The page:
NEW YORK — The failed attempt to blow up an Amsterdam-Detroit flight last week could prove a bonanza for airport security firms, especially the makers of full-body scanners.
“It might put some pressure to buy more full-body scanners… The US Congress will probably do something to increase the funding,” Michael Boyd, an aviation consultant, told AFP.
The high-tech body scanners can detect hidden objects, such as explosives, even when they are concealed by clothing, unlike the metal detectors passengers walk through in airports worldwide to access flight gates.
The Netherlands, Britain and Nigeria have announced plans to rapidly deploy the use of full-body scanners at their airports.
In the United States, the scanners are already in use at 19 airports, a practice that could become widespread.
“The US alone has 450 airports with about 2,000 security lanes, which gives an idea of the potential” of the market, said Joe Reiss, a spokesman with American Science and Engineering (ASEI), one of the world’s four leading makers of full-body scanners, in an interview with AFP.
The other manufacturers are two US companies, L-3 Communications and Rapiscan Systems, a unit of OSI Systems, and British rival Smiths Detection.
Shares in L-3 gained 3.0 percent between last Thursday and the market close Wednesday in New York, and reached a 14-month high on Tuesday.
Shares in ASEI and OSI leapt 10.5 percent and 26 percent, respectively, over the same period.
According to Reiss, a body scanner costs about 100,000 dollars, a hefty expense compared with the 10,000-dollar price tag of a metal detector portal.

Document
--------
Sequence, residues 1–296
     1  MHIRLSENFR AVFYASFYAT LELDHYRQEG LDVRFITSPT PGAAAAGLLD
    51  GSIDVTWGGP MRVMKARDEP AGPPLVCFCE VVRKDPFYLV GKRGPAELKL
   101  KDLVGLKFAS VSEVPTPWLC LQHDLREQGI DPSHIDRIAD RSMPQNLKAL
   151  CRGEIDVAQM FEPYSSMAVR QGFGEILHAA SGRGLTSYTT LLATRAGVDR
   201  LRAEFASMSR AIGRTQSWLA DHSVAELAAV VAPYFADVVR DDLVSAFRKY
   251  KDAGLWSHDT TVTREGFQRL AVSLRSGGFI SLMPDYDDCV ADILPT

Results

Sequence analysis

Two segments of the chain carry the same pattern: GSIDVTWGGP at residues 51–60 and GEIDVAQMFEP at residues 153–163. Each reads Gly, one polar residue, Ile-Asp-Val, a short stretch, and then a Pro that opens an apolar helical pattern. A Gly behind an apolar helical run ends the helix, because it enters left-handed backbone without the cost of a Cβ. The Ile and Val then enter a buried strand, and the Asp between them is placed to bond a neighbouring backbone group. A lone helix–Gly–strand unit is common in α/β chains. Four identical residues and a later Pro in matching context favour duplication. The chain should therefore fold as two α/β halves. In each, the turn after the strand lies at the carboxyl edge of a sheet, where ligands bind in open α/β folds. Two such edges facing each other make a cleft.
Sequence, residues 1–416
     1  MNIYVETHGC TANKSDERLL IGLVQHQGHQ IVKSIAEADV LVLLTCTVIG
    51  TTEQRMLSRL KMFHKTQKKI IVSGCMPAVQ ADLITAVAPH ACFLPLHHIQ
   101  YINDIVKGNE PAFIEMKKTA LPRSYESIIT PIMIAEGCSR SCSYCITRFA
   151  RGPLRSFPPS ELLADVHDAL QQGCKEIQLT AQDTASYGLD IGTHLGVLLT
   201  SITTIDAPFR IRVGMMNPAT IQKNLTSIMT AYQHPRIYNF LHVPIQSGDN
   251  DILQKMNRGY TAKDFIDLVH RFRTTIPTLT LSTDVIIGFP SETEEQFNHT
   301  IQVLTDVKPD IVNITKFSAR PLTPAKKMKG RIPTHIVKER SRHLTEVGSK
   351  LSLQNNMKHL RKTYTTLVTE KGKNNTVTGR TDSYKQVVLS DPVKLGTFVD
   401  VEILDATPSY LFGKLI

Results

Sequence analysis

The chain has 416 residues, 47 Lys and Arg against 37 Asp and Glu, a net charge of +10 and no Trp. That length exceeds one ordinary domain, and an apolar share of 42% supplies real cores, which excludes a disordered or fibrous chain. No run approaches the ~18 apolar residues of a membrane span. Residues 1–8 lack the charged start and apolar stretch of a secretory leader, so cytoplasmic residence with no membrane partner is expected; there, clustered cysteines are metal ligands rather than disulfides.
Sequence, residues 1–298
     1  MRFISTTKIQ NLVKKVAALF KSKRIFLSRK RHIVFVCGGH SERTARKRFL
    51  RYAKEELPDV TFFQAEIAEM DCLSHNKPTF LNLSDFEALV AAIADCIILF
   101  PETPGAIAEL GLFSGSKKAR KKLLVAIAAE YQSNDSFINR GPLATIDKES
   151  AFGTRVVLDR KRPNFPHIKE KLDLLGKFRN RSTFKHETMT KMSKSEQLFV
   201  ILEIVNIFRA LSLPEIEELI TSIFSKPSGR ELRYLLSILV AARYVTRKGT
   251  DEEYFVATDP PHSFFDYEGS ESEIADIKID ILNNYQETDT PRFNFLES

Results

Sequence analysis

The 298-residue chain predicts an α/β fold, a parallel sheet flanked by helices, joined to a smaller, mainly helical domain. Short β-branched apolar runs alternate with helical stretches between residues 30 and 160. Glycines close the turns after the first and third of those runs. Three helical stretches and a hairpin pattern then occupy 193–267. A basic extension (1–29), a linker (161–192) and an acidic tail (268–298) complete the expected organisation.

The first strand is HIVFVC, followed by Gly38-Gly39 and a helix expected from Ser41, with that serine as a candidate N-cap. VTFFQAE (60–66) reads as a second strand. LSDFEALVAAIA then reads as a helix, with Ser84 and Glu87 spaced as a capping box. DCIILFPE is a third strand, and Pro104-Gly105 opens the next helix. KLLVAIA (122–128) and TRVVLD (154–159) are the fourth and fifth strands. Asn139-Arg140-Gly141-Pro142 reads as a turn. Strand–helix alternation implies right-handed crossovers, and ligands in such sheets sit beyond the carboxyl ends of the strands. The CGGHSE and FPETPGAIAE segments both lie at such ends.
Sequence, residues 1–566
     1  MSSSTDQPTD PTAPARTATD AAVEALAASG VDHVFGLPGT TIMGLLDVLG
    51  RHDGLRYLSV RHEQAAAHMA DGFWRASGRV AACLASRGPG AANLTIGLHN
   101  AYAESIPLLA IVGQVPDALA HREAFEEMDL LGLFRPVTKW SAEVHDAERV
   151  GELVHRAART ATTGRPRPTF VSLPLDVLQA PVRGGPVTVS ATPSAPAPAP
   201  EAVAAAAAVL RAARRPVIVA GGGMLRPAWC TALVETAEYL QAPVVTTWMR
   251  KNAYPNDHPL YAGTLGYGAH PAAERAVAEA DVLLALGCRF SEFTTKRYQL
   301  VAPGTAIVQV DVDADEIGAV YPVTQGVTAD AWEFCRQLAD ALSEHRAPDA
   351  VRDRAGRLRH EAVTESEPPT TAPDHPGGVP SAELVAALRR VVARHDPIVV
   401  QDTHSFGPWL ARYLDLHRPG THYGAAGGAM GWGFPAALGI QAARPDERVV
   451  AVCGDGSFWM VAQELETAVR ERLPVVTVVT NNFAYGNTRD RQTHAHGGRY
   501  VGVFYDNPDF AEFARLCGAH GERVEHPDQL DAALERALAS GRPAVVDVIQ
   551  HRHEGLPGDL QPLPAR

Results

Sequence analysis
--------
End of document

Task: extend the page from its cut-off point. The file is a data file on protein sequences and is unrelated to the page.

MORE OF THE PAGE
The latest generation of X-ray baggage scanners cost some 150,000 dollars, while those used to screen checked baggage, a larger volume, cost one million dollars.
Steve Lott, spokesman for the International Air Transport Association (IATA), said the body scanners cost about a half million dollars.
Lott said the body scanners have two drawbacks: “cost and speed.”
Security services for airports and airlines are also expected to attract demand, and benefit smaller companies like Firstline, a security personnel specialist, and Covenant, which provides airport screening and security in airport zones.
ICX Technologies, whose share price has also soared since Monday, makes detectors for chemical, biological and nuclear substances, used notably to screen liquids at airports.
Among the other techniques being looked at, according to the US Transportation Security, are electronic boarding tickets, scanners for prosthetics and bandages, and small, easily manipulated explosives detectors.
IATA, however, warned in a statement Wednesday that “adding new hardware to an old system will not deliver the results we need.”
The group called on governments to rethink their security model.
“It is time for governments to invest in a process built around a checkpoint of the future that combines the best of screening technology with the best of intelligence gathering.”